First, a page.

September 30, 2006


The prophet motive: U.S. faithful form rich market (BARRIE MCKENNA, 9/25/06, Globe & Mail)

It's Sunday and you have a little fender-bender in the church parking lot. No problem if you have FaithGuard -- an insurance policy targeted at the nearly 150 million Americans who regularly go to church. There's no deductible as long as you're driving to your place of worship.

FaithGuard is the inspiration of GuideOne Mutual Insurance Co. of Des Moines, Iowa, one of the countless new ways Corporate America is targeting the swelling population of Evangelical Christians.

"There are risks in this, from an insurance point of view," acknowledged GuideOne president and chief executive officer Jim Wallace. "But if you can appeal to someone's way of life, you can make a real bond that will help the business stick."

It seems to be working. Guide-One has sold 60,000 FaithGuard policies since it launched the free add-on to its regular auto insurance coverage last year, many of them sold directly to parishioners at church.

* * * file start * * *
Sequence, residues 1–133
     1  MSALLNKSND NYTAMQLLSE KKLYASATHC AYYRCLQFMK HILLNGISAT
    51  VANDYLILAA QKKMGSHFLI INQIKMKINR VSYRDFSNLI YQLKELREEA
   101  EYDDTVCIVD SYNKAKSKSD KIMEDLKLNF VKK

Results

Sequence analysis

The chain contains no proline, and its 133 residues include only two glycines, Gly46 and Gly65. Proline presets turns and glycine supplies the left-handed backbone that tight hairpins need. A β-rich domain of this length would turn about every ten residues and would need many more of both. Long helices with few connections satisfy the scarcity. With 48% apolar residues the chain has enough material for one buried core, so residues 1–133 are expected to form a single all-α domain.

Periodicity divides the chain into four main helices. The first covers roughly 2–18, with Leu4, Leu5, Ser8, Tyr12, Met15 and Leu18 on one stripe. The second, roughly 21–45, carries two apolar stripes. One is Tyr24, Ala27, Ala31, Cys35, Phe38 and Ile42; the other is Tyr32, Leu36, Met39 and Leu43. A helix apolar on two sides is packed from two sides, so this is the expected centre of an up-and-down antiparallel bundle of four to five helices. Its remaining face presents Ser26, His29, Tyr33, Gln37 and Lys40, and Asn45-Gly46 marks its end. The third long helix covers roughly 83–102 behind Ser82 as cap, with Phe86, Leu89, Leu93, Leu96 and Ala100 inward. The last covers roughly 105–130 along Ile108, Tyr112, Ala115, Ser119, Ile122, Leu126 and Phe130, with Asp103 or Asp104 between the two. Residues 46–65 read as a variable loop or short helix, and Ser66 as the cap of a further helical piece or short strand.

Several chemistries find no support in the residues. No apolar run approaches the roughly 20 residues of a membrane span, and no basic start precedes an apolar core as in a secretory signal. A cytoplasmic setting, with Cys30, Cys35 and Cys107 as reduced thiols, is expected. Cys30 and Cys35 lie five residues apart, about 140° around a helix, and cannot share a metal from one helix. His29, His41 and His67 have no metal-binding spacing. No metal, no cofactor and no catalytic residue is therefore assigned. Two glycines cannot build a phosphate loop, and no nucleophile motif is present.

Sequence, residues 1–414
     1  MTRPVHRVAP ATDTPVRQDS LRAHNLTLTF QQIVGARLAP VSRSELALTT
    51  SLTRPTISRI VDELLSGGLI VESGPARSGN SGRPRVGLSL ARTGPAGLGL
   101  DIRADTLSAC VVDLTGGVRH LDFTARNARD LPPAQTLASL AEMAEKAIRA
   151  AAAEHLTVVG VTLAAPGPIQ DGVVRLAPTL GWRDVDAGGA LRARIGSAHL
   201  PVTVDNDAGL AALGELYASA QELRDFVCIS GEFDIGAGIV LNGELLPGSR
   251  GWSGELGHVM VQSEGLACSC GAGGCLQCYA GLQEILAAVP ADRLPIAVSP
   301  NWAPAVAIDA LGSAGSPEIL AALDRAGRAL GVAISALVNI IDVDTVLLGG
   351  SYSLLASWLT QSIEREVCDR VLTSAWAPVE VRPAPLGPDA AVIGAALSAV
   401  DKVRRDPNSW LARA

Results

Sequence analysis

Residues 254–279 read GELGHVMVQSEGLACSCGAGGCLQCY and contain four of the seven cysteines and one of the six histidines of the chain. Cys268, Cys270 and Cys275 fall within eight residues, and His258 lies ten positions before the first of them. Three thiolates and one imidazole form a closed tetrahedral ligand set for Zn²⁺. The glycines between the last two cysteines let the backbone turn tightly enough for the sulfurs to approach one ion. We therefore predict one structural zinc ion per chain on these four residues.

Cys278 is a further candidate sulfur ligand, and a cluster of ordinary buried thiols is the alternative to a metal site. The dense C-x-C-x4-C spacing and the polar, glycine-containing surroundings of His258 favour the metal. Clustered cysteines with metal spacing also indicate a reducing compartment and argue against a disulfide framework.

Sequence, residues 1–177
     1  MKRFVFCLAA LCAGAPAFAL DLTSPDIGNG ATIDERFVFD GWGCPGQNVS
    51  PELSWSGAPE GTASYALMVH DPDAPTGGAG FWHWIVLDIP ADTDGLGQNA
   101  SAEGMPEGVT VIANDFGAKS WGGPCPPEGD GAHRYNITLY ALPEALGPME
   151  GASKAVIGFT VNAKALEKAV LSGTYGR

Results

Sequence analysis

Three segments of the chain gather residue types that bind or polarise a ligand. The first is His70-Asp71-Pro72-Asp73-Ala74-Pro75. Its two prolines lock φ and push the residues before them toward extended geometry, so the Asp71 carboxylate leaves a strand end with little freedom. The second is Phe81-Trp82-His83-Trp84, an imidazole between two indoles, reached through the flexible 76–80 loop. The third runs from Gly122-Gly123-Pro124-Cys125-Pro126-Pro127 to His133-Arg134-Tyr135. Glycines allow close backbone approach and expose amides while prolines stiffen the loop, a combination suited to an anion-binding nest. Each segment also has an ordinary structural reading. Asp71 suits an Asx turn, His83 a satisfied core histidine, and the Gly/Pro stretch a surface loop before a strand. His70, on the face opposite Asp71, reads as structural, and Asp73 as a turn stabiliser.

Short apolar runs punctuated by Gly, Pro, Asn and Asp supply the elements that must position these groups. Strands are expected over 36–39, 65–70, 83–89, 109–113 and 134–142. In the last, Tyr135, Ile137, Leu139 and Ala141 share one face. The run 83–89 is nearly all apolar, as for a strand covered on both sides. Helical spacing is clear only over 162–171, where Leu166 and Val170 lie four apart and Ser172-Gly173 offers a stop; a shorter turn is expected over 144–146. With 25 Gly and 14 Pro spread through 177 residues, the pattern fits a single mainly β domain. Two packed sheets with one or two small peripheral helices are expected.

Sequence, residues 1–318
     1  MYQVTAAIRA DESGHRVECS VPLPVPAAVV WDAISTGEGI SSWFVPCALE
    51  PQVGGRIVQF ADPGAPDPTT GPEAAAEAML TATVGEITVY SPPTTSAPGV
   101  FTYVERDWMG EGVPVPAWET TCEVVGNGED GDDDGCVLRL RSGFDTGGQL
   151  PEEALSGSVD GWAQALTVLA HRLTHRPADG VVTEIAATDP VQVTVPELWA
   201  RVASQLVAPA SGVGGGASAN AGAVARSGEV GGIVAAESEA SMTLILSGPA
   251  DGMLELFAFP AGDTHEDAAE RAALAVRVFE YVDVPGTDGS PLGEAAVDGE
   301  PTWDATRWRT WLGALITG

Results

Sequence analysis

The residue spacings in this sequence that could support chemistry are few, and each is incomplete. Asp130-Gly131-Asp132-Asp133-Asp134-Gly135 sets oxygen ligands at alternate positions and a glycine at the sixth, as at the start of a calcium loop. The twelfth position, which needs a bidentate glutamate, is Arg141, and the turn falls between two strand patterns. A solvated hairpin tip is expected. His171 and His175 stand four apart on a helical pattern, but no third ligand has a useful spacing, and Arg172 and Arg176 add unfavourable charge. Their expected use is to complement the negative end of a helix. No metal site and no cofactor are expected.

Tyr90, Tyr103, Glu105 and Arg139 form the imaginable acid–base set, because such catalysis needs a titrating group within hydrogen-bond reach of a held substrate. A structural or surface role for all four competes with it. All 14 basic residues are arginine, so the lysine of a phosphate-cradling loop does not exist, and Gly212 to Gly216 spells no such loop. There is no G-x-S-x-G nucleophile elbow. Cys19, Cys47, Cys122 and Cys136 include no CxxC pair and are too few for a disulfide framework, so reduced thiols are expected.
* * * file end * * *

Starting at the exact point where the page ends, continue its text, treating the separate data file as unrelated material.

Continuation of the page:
Forget the image of the dusty old Christian book store. The business of selling to Christians has reached a whole new plane. And nothing, and everything, is sacred. Corporate America is finding religion -- in music, movies, radio stations, banks, biblical theme parks, anti-abortion mutual funds, health clubs, and even faith-based towns.

"If you can target zip codes, you can target Christians," remarked Alan Wolfe, a political science professor at Boston College and director of the Boisi Center on Religion and American Public Life.

Posted by Orrin Judd at September 30, 2006 10:50 AM
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